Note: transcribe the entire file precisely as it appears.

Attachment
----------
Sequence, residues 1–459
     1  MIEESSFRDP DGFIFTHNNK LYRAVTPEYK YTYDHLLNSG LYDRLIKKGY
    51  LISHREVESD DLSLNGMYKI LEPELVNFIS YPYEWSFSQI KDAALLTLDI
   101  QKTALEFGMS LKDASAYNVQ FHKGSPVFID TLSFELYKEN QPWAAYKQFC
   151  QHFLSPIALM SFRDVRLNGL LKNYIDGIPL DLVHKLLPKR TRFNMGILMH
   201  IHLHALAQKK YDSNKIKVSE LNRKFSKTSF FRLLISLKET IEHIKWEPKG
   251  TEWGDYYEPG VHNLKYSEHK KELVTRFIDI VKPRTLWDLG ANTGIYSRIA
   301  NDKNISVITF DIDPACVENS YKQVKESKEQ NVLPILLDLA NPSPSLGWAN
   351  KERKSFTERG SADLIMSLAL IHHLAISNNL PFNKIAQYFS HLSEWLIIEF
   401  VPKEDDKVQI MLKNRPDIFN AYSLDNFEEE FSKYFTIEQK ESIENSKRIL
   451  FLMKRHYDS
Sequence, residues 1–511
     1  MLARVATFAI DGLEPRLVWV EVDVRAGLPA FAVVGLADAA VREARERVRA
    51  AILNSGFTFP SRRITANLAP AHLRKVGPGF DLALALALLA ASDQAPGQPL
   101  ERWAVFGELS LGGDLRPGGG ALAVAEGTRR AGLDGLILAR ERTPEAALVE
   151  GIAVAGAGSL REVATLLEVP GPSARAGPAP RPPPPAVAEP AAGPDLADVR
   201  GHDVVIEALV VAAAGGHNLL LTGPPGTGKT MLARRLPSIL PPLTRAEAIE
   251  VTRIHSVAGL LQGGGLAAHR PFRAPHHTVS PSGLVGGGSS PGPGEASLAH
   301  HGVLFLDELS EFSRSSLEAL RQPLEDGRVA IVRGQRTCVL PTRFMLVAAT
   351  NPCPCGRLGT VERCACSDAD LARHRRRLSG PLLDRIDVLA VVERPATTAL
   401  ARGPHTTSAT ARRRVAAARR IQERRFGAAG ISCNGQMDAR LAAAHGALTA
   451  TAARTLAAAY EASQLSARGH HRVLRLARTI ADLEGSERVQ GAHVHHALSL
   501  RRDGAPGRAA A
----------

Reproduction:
Sequence, residues 1–459
     1  MIEESSFRDP DGFIFTHNNK LYRAVTPEYK YTYDHLLNSG LYDRLIKKGY
    51  LISHREVESD DLSLNGMYKI LEPELVNFIS YPYEWSFSQI KDAALLTLDI
   101  QKTALEFGMS LKDASAYNVQ FHKGSPVFID TLSFELYKEN QPWAAYKQFC
   151  QHFLSPIALM SFRDVRLNGL LKNYIDGIPL DLVHKLLPKR TRFNMGILMH
   201  IHLHALAQKK YDSNKIKVSE LNRKFSKTSF FRLLISLKET IEHIKWEPKG
   251  TEWGDYYEPG VHNLKYSEHK KELVTRFIDI VKPRTLWDLG ANTGIYSRIA
   301  NDKNISVITF DIDPACVENS YKQVKESKEQ NVLPILLDLA NPSPSLGWAN
   351  KERKSFTERG SADLIMSLAL IHHLAISNNL PFNKIAQYFS HLSEWLIIEF
   401  VPKEDDKVQI MLKNRPDIFN AYSLDNFEEE FSKYFTIEQK ESIENSKRIL
   451  FLMKRHYDS
Sequence, residues 1–511
     1  MLARVATFAI DGLEPRLVWV EVDVRAGLPA FAVVGLADAA VREARERVRA
    51  AILNSGFTFP SRRITANLAP AHLRKVGPGF DLALALALLA ASDQAPGQPL
   101  ERWAVFGELS LGGDLRPGGG ALAVAEGTRR AGLDGLILAR ERTPEAALVE
   151  GIAVAGAGSL REVATLLEVP GPSARAGPAP RPPPPAVAEP AAGPDLADVR
   201  GHDVVIEALV VAAAGGHNLL LTGPPGTGKT MLARRLPSIL PPLTRAEAIE
   251  VTRIHSVAGL LQGGGLAAHR PFRAPHHTVS PSGLVGGGSS PGPGEASLAH
   301  HGVLFLDELS EFSRSSLEAL RQPLEDGRVA IVRGQRTCVL PTRFMLVAAT
   351  NPCPCGRLGT VERCACSDAD LARHRRRLSG PLLDRIDVLA VVERPATTAL
   401  ARGPHTTSAT ARRRVAAARR IQERRFGAAG ISCNGQMDAR LAAAHGALTA
   451  TAARTLAAAY EASQLSARGH HRVLRLARTI ADLEGSERVQ GAHVHHALSL
   501  RRDGAPGRAA A